This one’s a big deal, too ||
Sometime earlier when I began writing this blog, I mentioned about how life becomes a series of “lasts”, where a family tradition or routine that was done for some time eventually stops and comes to an end.
Just recently, another “last” happened to us. Last week, we moved my son Christian into his apartment to start his senior year at the University of Rochester.
No more buggy-lugging furniture onto a dormitory elevator, no more hauling boxes of college-related stuff into a single room, no more trips to Bed Bath & Beyond, WalMart, and Target for the essentials that we learned to buy while up at college and not bring them up with us from home.
This past summer, I made a conscientious effort to spend as much time with Christian as possible. In fact, I dubbed it “the summer of Christian”. We tried to get in as much quality time as possible. It was a little hard because of our work schedules, but whenever we weren’t together, we e-mailed each other to see how our days were going.
We somehow managed to do a few great things over the course of the summer that I hoped would make it memorable for him. I even did my first vegan restaurant with him and the family, all thanks to his suggestion. As a meat-eater, I would have to say not half bad.
The most notable thing we both did together was attend a documentary premiere at The House of Independents in Asbury Park. “Destiny’s Bridge” was the story of Minister Steve Brigham, the residents of “Tent City” in Lakewood, and the minister’s untiring efforts to bring housing and dignity to those residents left homeless when their makeshift city was torn down.
But when it was time to leave for Rochester, I was feeling a bit melancholy. I didn’t want my time with him to end, but I knew that school was where he needed to be.
We all left New Jersey on Friday morning and made the 6½ hour road trip into upstate New York without any incident, checked into our hotel, and met Christian and his sister Anne Marie at his off-campus apartment complex (they had driven up in Christian’s car).
What a big step up from last year. His junior year, he had a single dorm room and shared a community bathroom with three other residents. We would unload the car and stuffed all of his belongings into this one room while trying to make the place look nice in case he had guests or study groups come over after we left.
Now, he was in a four-bedroom apartment that he shared with three other roommates. But to him the best part was that he had his own bathroom. I suppose that would be a big deal, especially for someone who’s had to share one the first three years at school.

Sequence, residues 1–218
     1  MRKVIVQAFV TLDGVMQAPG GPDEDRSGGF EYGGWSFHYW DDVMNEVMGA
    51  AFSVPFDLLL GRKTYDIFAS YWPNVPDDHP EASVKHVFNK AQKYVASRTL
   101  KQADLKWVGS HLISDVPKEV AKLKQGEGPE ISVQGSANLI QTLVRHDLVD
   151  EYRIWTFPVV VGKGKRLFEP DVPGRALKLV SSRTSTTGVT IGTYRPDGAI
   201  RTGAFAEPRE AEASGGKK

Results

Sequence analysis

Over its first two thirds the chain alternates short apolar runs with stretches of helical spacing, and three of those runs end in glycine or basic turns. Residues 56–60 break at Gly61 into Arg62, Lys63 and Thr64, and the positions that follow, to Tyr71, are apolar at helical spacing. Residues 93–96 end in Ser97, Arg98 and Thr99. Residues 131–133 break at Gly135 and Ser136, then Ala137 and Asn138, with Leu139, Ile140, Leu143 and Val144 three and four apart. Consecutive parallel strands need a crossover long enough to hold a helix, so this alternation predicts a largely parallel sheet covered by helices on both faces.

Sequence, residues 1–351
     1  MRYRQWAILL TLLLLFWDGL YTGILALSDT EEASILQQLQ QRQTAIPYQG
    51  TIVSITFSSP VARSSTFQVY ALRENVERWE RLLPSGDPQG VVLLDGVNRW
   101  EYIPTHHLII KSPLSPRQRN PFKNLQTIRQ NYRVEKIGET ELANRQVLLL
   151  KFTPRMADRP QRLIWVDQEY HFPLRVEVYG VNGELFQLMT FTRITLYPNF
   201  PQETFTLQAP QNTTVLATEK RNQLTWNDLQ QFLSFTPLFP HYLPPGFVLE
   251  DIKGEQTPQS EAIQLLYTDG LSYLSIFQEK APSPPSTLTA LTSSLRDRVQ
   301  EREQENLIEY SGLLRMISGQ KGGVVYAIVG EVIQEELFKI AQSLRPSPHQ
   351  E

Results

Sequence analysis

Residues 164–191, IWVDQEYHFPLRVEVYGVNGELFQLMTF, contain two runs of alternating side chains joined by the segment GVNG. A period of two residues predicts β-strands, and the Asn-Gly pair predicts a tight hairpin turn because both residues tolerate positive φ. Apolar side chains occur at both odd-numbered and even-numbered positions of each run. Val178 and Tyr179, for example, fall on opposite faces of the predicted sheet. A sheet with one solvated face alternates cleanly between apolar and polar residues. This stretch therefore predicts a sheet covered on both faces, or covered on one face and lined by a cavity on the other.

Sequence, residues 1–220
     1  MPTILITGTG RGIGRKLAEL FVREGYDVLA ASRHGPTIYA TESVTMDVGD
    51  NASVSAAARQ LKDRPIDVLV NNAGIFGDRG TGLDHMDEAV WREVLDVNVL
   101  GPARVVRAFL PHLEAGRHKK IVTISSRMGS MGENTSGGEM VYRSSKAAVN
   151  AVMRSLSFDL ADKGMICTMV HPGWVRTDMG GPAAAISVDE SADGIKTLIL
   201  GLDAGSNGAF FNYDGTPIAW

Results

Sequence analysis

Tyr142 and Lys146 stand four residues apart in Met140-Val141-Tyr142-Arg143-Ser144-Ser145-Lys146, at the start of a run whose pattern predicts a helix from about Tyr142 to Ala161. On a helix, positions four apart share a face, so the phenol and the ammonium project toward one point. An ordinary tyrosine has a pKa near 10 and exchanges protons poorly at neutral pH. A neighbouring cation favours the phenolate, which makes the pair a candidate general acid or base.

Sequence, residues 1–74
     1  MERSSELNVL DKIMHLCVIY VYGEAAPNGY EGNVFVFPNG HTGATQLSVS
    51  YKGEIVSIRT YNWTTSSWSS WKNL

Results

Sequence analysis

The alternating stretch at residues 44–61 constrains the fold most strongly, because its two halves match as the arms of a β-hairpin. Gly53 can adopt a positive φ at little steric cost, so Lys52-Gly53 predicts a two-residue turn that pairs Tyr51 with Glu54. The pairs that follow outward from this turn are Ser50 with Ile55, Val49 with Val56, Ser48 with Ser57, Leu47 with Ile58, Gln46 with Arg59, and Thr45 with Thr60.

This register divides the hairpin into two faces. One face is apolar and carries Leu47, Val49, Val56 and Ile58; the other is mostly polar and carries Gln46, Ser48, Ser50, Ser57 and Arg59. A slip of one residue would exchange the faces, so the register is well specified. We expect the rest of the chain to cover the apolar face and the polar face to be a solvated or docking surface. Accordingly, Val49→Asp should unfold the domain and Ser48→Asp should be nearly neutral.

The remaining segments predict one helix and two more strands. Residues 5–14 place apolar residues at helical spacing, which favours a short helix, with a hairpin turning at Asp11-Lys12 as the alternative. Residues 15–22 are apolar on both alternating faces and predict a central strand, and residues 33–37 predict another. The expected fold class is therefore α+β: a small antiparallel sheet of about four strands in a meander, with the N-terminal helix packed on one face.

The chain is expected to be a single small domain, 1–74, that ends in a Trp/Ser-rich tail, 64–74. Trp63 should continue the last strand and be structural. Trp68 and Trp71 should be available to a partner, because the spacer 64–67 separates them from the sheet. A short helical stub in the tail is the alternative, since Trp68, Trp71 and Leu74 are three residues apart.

On Saturday, we headed out to Bed Bath & Beyond for his linens, then on to WalMart for some food and other nick-nacks. We got back to the apartment, unloaded everything, and then hit The Owl House for dinner, one of our favorite restaurants near downtown Rochester. Afterwards, we all went back to his place and said our good-byes. The next time we would be up there would be in early October for Parents Weekend. . .our “last” one of those, too.
As we travelled back home on Sunday, I began to think about how far Christian had come in his life and how quickly the last three years of school had gone for him. This was the last time we would be moving him in at school. The next time we would come up to move furniture, it would be in May to move him out and back home (or wherever life may take him).
It made me kind of sad knowing that after this year, there wouldn’t be any reason for us to go back to Rochester ever again. We had so many great family moments up there with him. All of his Off-Broadway-On-Campus shows that he performed in (he still has two more shows his senior year). . .when we took him under the big tree near Gilbert Hall his freshman year to calm him down when he realized that we would be leaving him up there all by himself. . .all the great performers and activities we shared in for the last three years during Parents Weekend. . .Jason Alexander. . .Kristen Chenowith. . .
Yes, thirty-eight first days have come and gone. But one bright spot associated with this “last”. . .no more FAFSA forms to fill out. . .AMEN! Good luck, buddy, from your biggest fan!
You can find the entire Jersey Shore Retro blog here. Also, you can follow Kevin Cieri’s blog entries on his Facebook page, “Jersey Shore Retro” as well as on Twitter at @jsretro.